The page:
Based on highly detailed accounts from these interviews, as well as on the voluminous records of radio transmissions from the controllers, the hijacked planes, and many of the other planes that were in the air that day, Spencer fills in many holes in the story as it was reported by the 9/11 Commission. She also brings to pulse-quickening life the confusion, the horror, and the fierce determination and quick thinking of so many key players as they improvised their responses to a shocking new type of warfare.
Colossus Hoover Dam and the Making of the American Century [Audiobook]
06 April 2014, 14:45
2010 | MP3@96 kbps | 18 hrs 57 mins | 782.16MB
As breathtaking today as the day it was completed, Hoover Dam not only shaped the American West but helped launch the American century. In the depths of the Great Depression it became a symbol of American resilience and ingenuity in the face of crisis, putting thousands of men to work in a remote desert canyon and bringing unruly nature to heel.
Pulitzer Prize–winning writer Michael Hiltzik uses the saga of the dam’s conception, design, and construction to tell the broader story of America’s efforts to come to grips with titanic social, economic, and natural forces. For embodied in the dam’s striking machine-age form is the fundamental transformation the Depression wrought in the nation’s very culture—the shift from the concept of rugged individualism rooted in the frontier days of the nineteenth century to the principle of shared enterprise and communal support that would build the America we know today. In the process, the unprecedented effort to corral the raging Colorado River evolved from a regional construction project launched by a Republican president into the New Deal’s outstanding—and enduring—symbol of national pride.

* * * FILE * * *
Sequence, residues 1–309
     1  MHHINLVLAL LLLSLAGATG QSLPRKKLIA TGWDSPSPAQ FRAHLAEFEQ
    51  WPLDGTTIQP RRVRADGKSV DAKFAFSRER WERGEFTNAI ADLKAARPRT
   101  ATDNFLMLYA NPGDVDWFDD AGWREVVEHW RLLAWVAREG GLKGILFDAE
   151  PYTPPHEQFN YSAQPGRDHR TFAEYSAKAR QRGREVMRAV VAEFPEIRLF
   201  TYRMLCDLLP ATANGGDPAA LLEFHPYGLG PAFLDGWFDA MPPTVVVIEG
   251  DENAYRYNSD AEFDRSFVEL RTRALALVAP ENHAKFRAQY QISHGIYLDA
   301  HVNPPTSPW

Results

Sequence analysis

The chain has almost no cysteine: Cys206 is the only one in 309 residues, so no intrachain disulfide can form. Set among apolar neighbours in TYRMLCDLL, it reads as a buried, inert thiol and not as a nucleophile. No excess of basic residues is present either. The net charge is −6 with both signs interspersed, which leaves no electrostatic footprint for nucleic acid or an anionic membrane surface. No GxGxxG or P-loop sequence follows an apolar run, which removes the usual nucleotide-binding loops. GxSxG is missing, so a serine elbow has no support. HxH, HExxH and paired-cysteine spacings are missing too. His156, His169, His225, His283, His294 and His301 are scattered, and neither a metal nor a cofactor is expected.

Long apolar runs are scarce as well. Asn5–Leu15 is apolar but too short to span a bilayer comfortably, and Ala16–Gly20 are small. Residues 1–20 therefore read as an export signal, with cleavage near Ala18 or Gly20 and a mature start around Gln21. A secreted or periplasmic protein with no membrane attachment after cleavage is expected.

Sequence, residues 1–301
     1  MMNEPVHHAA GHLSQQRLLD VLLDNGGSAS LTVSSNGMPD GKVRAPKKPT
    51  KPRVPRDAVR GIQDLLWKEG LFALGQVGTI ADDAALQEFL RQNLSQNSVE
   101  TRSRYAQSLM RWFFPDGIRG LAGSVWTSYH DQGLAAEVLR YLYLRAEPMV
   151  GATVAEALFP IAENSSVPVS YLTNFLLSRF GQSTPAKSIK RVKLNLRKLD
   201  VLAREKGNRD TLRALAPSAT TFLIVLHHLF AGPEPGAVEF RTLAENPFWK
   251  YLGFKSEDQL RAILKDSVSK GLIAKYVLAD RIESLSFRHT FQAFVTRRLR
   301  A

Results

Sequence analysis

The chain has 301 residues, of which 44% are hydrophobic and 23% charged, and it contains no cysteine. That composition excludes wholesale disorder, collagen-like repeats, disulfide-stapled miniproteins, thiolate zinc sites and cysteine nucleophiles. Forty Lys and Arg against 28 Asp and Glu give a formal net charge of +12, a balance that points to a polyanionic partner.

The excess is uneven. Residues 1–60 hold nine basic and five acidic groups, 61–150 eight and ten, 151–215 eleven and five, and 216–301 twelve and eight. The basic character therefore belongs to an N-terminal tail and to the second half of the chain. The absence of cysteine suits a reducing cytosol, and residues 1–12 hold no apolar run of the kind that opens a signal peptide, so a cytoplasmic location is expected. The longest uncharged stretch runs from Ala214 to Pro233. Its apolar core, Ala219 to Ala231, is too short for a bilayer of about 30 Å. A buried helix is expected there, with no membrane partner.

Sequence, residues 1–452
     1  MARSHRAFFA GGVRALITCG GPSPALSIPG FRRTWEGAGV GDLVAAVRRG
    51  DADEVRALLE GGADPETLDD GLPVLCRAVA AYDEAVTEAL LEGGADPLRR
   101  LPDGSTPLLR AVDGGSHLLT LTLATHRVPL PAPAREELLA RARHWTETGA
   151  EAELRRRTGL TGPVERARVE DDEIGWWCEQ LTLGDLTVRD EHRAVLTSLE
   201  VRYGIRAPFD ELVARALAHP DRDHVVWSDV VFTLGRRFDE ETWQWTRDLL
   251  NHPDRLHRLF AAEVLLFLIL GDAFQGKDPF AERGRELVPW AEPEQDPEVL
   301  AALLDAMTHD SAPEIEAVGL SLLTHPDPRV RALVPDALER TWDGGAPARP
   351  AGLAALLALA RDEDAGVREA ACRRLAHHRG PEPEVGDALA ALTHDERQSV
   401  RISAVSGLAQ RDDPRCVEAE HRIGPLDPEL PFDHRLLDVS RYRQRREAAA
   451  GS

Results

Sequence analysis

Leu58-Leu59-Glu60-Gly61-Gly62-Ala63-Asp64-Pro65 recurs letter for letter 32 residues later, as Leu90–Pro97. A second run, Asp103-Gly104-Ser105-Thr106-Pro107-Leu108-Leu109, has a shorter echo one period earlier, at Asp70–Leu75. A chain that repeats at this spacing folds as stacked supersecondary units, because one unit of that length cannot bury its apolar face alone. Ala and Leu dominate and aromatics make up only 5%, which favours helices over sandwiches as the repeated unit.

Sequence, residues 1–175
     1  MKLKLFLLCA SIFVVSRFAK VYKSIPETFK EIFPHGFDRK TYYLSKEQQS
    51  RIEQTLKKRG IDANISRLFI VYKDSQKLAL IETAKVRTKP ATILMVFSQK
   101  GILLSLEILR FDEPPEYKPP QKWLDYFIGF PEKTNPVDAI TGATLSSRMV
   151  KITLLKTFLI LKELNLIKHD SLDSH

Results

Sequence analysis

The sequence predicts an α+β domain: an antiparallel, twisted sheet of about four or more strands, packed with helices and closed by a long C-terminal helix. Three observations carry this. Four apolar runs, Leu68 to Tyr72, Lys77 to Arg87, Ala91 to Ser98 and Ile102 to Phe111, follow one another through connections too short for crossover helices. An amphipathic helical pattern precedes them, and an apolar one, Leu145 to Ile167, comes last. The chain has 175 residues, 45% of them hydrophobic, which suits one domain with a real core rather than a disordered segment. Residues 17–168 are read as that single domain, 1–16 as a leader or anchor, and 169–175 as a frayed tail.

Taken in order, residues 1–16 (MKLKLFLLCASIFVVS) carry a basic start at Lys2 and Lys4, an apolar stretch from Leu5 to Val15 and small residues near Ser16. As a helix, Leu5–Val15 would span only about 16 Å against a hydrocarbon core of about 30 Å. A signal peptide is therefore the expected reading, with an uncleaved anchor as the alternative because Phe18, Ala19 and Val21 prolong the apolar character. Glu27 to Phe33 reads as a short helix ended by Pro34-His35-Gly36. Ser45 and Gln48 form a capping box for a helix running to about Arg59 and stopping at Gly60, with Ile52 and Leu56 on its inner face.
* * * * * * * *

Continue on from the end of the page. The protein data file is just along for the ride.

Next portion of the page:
Yet the story of Hoover Dam has a darker side. Its construction was a gargantuan engineering feat achieved at great human cost, its progress marred by the abuse of a desperate labor force. The water and power it made available spurred the development of such great western metropolises as Los Angeles, Phoenix, Denver, Las Vegas, Salt Lake City, and San Diego, but the vision of unlimited growth held dear by its designers and builders is fast turning into a mirage.